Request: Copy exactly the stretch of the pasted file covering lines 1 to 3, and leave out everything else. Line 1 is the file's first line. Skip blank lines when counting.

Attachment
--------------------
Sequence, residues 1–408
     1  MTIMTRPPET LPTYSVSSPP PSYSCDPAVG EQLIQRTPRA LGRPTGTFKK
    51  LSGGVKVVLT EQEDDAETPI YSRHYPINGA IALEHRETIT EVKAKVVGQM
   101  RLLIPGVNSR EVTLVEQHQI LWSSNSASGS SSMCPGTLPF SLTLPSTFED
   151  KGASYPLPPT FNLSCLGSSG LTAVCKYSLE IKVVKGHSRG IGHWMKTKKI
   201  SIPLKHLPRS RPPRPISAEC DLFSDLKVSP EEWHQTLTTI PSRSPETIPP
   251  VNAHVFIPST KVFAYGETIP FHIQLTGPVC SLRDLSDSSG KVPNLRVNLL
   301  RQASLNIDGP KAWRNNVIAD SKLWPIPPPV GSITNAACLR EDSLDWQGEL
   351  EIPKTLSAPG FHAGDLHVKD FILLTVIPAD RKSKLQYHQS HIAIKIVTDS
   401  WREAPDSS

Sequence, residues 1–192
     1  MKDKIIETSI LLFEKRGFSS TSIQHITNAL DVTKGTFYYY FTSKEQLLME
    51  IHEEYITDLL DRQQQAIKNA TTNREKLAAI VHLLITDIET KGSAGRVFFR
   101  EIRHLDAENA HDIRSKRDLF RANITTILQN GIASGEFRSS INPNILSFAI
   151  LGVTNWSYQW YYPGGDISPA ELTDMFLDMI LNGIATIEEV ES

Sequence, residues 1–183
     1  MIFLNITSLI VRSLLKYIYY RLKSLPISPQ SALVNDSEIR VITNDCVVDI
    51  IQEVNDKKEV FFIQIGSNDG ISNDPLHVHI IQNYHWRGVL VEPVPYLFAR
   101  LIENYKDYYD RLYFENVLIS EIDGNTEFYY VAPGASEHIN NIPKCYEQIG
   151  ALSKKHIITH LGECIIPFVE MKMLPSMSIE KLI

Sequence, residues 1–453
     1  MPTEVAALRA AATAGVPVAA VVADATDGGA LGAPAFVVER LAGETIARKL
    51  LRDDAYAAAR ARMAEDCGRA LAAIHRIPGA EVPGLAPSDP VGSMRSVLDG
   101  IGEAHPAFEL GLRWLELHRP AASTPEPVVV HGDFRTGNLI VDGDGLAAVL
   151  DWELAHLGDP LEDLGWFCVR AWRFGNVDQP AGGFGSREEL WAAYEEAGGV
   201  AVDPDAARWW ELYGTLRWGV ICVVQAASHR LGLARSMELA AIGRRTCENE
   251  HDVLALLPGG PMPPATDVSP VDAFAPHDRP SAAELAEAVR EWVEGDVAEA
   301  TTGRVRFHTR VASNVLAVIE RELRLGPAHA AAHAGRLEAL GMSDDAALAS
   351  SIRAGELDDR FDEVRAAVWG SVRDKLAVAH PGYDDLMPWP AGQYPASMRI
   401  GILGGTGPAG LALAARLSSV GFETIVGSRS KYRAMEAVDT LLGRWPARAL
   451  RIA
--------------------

Sequence, residues 1–408
     1  MTIMTRPPET LPTYSVSSPP PSYSCDPAVG EQLIQRTPRA LGRPTGTFKK
    51  LSGGVKVVLT EQEDDAETPI YSRHYPINGA IALEHRETIT EVKAKVVGQM